What if you fancy the best of both worlds – a teeny audience for exchanging vows and a massive crowd for the after-party? It’s more tactful and pragmatic to have separate venues. “It allows for the day to be more clearly defined,” considers Fiona English, Glasgow City Council registrar.
“It’s easier to have a modest number of guests during the day, who’ll attend the ceremony and then maybe a meal, then expand to a bigger party elsewhere at night. In some cases, it can be more financially viable.” This timeline would work out nicely at Chatelherault Country Park in Hamilton. It’s not strictly speaking a ceremony-only location, but its capacity can lead brides and grooms down that road. “Chatelherault can seat a maximum of 50 guests for a wedding meal,” says the venue’s Christine Slowey. “However, if our couples require a larger venue for the meal and reception, they can choose from a wide range of hotels, halls or clubs in the area. We see all types of wedding. We have couples who wish to be here for their ceremony and photography and are happy to cut down their numbers to suit the venue’s size, then move on to a bigger place for their evening reception.
“We also have smaller parties of 50 who stay with us through to midnight, with the full menu package and evening buffet. There was also a tiny wedding recently with just the couple and two witnesses, who stayed for photographs and a bottle of champagne.”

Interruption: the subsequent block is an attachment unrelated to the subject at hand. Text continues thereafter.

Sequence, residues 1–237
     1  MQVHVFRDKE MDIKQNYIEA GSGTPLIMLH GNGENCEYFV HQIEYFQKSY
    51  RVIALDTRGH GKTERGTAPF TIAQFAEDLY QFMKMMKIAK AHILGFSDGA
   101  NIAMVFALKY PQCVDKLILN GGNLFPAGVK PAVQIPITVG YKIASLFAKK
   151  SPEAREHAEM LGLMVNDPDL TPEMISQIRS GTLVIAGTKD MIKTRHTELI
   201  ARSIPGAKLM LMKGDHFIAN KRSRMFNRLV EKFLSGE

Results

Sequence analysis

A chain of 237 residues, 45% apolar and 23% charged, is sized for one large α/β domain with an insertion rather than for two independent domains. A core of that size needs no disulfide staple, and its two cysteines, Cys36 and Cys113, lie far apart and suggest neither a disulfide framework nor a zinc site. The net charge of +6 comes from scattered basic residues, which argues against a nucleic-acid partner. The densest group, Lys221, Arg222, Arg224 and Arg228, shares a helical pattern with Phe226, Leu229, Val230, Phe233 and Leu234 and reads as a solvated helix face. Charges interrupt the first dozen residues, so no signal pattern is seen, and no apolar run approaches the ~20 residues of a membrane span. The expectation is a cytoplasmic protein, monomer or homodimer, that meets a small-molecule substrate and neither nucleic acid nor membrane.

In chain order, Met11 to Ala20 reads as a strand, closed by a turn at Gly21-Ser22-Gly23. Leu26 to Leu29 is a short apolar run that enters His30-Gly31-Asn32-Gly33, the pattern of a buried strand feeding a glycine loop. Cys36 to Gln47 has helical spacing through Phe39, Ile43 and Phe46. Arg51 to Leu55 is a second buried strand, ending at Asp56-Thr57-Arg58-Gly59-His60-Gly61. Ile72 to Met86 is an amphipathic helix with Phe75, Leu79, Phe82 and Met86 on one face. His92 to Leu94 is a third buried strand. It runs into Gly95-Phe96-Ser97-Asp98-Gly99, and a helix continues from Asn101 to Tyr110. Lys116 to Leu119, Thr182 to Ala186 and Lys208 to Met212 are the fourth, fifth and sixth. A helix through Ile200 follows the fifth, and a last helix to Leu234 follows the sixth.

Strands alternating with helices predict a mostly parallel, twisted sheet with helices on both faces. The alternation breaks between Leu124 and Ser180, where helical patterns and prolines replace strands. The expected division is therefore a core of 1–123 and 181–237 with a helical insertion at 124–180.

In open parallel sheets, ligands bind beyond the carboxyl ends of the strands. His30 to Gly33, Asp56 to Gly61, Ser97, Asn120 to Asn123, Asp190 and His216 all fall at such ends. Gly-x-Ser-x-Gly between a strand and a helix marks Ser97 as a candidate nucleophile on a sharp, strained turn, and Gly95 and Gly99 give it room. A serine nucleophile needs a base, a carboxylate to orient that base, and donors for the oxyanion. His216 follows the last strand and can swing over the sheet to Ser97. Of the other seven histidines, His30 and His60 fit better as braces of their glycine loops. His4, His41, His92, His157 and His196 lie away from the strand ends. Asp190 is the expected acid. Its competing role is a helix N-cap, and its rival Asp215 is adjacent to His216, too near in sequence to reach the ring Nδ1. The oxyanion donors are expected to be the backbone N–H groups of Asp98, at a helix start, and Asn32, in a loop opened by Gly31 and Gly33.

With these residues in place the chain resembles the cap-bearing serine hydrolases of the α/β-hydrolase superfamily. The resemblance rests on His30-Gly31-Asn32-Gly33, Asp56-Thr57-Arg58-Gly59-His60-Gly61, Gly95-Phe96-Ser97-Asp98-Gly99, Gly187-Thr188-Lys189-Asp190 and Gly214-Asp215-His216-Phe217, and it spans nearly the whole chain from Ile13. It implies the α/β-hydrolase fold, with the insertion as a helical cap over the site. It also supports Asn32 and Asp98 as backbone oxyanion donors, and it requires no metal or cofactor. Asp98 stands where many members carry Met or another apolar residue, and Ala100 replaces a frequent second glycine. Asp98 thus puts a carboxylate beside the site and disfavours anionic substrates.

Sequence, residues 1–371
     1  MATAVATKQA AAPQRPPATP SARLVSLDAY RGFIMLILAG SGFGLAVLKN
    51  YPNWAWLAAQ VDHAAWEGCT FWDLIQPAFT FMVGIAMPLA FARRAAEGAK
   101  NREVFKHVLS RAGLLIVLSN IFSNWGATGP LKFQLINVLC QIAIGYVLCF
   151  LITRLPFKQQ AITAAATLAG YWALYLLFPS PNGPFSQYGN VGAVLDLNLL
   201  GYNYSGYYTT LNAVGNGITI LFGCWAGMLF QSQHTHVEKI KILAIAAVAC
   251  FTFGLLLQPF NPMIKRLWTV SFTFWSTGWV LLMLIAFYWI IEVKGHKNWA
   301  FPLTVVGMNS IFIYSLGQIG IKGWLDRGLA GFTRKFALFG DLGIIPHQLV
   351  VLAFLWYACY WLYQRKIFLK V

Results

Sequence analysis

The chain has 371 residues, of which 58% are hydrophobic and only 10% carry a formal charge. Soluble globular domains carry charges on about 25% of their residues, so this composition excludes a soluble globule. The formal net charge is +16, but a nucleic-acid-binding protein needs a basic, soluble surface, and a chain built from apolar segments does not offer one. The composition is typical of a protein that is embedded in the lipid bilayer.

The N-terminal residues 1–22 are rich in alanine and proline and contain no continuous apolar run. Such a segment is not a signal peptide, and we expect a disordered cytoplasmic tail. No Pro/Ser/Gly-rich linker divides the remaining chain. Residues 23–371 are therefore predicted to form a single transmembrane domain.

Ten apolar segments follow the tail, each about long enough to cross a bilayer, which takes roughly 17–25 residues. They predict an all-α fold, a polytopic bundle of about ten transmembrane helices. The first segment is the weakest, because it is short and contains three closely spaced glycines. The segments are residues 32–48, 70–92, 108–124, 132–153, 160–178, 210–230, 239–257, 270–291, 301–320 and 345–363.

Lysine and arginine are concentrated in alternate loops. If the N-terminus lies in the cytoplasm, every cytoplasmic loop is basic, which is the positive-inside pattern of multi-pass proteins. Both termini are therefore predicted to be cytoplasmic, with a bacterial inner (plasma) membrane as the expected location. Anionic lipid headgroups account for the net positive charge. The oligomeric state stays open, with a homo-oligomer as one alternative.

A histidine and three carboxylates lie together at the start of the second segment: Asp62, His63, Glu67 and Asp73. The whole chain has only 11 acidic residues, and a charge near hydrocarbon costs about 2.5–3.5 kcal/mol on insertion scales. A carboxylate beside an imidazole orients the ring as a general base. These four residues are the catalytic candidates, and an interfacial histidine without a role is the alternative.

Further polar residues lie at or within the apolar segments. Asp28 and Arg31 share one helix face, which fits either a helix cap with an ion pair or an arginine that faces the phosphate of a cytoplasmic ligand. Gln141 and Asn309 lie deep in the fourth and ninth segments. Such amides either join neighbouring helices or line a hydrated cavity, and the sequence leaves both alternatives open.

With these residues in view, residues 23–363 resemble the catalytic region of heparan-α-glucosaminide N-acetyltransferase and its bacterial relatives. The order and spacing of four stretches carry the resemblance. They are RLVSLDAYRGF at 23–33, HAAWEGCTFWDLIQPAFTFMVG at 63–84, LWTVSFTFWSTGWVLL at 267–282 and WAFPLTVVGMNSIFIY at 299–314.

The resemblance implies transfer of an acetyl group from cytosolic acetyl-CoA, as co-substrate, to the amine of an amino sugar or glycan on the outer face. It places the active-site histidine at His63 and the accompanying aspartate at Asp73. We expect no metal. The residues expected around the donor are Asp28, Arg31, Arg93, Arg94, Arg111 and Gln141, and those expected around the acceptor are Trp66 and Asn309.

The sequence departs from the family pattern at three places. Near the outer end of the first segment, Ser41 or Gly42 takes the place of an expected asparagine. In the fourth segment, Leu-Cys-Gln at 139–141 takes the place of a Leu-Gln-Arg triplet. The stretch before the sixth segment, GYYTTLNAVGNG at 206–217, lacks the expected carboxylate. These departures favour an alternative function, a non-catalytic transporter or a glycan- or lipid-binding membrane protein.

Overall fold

Bigger is better
Grand and elaborate more your scene? Hosting your day across multiple locations sends guests on a magical mystery tour and puts unforgettable, can-you-believe-where-they-got-married venues on the table. “It can open up buildings that might be different to the more usual choices,” Fiona points out. Buildings such as her base, 23 Montrose Street (based within Glasgow’s landmark City Chambers), become contenders when you’re willing to break up your day a bit.
And who says the second half of your day even needs to be held in this country? “We once had a couple and their guests turn up in Hawaiian shirts and flip flops for the ceremony,” Fiona laughs. “They were heading straight to the airport afterwards to catch a flight for a big reception in Ibiza!”
For destinations with complex marriage laws, this could be the most glamorous workaround we’ve ever heard.
Time to plan
Let’s get real for a second: an extra venue requires extra organisation. Some of the most memorable weddings I’ve ever been to have been spread across two locations (one friend tied the knot in the atmospheric Dornoch Cathedral before bussing us all back to Inverness for a boisterous ceilidh in a hotel), but there’s no doubt there were some complex logistics to iron out. Why not seize the opportunity to think creatively and go all out?